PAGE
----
Murkowski Visits Shell’s Arctic Drilling Vessel in Seattle Shipyard
WASHINGTON, D.C. – U.S. Senator Lisa Murkowski, R-Alaska, today toured the Kulluk drilling vessel in Seattle. Shell plans to use the Kulluk this summer to explore for oil and natural gas in Alaska’s Beaufort Sea.
Sen. Lisa Murkowski (second from right) and Shell Alaska Vice President Pete Slaiby (right) tour Shell’s ice-class drill ship, the Kulluk, in Seattle on Sunday.
“It’s inspiring to see the Kulluk up close and know that it’s on the verge of opening a new era of Arctic exploration that promises to deliver greater energy security and economic prosperity to Alaska and the nation,” Murkowski said. “The size and strength of Shell’s Arctic fleet is both impressive and reassuring. I’m confident the company is well prepared to drill in our northern waters this summer.”
The Arctic waters off Alaska’s northern coast contain an estimated 27 billion barrels of oil and 132 trillion cubic feet of natural gas, according to the federal government. Their development is estimated to create more than 50,000 jobs nationally.
“Shell’s investment in its Arctic exploration fleet is not just an example of the company’s commitment to safety and preparedness, it's also an example of the huge economic impact these operations have beyond Alaska,” Murkowski said.
Once Shell receives the final approval to drill from the U.S. Department of the Interior, the company plans to use the Kulluk and a second drill ship, the Noble Discoverer, to drill exploratory wells in Alaska’s Beaufort and Chukchi seas this summer. Shell hopes to leave for Alaska’s Arctic waters by mid-June. Murkowski has been pressing the Obama administration for the past three years to remove unnecessary bureaucratic hurdles and to issue permits in a timely fashion.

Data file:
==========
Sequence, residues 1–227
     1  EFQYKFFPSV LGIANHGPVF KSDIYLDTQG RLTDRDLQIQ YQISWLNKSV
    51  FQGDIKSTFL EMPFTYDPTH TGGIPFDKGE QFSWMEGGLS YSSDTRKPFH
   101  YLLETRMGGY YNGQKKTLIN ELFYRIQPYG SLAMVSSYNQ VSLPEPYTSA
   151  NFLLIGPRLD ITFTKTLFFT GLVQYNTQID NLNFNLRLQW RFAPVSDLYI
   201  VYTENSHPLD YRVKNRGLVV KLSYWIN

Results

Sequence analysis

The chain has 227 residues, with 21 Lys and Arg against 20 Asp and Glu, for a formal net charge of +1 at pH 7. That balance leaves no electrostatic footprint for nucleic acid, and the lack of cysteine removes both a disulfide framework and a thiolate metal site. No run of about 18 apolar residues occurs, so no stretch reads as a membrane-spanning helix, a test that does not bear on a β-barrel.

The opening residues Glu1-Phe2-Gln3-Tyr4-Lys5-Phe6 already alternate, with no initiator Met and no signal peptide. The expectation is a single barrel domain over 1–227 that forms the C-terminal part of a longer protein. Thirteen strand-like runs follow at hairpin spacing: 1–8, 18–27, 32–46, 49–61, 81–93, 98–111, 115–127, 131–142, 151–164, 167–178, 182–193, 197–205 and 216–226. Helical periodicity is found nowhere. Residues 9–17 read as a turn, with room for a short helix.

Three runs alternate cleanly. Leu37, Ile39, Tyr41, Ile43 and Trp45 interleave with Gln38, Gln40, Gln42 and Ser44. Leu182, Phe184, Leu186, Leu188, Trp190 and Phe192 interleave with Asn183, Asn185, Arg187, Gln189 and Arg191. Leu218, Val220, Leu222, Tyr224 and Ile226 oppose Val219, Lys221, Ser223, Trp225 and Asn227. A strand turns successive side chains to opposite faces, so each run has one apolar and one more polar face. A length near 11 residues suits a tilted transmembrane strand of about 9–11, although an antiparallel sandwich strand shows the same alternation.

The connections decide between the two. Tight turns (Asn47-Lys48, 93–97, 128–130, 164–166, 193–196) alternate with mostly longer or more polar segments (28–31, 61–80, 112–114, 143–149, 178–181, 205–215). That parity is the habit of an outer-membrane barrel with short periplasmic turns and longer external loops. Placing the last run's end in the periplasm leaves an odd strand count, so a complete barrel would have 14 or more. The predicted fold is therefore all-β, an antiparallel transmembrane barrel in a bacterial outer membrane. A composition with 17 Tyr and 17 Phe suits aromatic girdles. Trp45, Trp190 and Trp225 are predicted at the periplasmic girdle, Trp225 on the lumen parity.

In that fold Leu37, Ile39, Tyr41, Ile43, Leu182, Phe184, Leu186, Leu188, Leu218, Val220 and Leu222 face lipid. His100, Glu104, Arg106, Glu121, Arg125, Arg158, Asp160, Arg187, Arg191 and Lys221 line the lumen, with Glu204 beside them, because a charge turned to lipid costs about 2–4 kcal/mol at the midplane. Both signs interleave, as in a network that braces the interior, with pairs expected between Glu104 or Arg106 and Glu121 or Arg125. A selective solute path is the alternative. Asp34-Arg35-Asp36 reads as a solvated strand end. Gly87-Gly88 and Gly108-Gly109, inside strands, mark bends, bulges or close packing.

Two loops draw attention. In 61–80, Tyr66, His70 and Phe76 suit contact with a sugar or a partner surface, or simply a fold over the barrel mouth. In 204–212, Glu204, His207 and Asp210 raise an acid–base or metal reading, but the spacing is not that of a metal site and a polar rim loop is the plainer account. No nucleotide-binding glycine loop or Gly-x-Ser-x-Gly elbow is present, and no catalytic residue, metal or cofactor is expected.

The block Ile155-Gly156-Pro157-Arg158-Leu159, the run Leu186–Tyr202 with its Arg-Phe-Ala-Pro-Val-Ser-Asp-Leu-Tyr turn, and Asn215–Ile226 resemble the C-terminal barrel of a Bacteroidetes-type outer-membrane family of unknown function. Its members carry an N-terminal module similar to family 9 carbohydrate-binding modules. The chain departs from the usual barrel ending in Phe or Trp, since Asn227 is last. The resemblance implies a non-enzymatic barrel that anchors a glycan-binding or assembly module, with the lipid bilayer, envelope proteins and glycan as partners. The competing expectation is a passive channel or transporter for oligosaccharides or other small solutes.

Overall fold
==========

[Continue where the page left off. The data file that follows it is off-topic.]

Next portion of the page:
"We are closer than we’ve been in a long time to seeing renewed exploration in our Arctic waters,” Murkowski said. “It’s a momentous time and I’m proud of the work that's gone into it. This summer will be the first of many major milestones toward a more secure energy future and a brighter economy for Alaska and the entire nation."
The Kulluk, one of only a handful of ice-class drilling rigs in the world, has previously been used to drill eight wells in the Canadian Arctic and four wells in the U.S. Arctic. The vessel has an inverted, conically shaped, ice-strengthened hull specifically designed for operation in the Arctic. The Kulluk’s bowl-like hull is designed to allow ice to pass safely under it. Since buying the drill ship in 2005, Shell has installed nearly $300 million worth of upgrades.
“Alaska’s offshore resources represent our greatest potential to get America’s economy moving again,” Murkowski said. “Drilling has occurred in the waters off Alaska’s northern coastline for the past 40 years. I’m confident Shell can continue the tradition of responsibly exploring the Arctic and safely deliver the huge benefits of Alaska’s energy resources.”